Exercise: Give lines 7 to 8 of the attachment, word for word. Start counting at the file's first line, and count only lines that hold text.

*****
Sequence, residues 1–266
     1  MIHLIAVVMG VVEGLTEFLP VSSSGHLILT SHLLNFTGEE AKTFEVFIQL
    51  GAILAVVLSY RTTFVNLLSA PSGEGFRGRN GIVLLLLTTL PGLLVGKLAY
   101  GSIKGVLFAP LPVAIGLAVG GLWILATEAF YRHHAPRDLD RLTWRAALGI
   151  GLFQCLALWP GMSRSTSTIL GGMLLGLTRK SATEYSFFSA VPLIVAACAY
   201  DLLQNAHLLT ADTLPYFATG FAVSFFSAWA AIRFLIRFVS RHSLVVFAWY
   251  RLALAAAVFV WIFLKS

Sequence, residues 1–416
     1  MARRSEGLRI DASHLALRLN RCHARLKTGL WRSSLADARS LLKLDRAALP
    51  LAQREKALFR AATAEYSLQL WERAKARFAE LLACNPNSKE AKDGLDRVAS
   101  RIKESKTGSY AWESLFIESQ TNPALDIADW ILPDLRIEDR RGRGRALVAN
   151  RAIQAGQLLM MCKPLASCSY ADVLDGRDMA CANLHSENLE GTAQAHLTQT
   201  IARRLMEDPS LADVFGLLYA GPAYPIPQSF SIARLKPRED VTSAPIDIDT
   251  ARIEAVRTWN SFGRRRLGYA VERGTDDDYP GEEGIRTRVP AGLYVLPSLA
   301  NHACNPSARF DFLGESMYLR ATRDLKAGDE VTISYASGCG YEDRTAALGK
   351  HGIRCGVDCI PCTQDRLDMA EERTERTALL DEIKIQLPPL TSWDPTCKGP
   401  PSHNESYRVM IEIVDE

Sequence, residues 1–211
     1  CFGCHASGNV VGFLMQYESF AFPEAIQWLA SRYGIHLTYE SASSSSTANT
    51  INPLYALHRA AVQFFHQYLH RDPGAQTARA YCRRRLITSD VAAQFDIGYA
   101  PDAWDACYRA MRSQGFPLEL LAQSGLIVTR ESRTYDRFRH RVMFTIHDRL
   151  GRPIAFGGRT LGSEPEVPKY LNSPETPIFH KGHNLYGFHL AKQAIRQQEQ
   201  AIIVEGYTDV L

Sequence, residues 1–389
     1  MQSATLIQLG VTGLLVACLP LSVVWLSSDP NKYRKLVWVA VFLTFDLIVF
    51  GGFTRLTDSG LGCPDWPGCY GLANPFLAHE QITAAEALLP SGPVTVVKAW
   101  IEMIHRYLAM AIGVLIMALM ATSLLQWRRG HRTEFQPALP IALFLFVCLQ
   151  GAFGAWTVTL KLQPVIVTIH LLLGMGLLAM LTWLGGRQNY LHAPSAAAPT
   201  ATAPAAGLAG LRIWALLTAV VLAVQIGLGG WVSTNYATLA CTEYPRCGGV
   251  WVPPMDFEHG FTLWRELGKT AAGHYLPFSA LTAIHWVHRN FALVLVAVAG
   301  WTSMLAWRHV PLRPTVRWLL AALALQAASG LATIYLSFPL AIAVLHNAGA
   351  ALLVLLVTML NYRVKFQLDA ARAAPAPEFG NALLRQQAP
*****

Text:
   251  RLALAAAVFV WIFLKS

Sequence, residues 1–416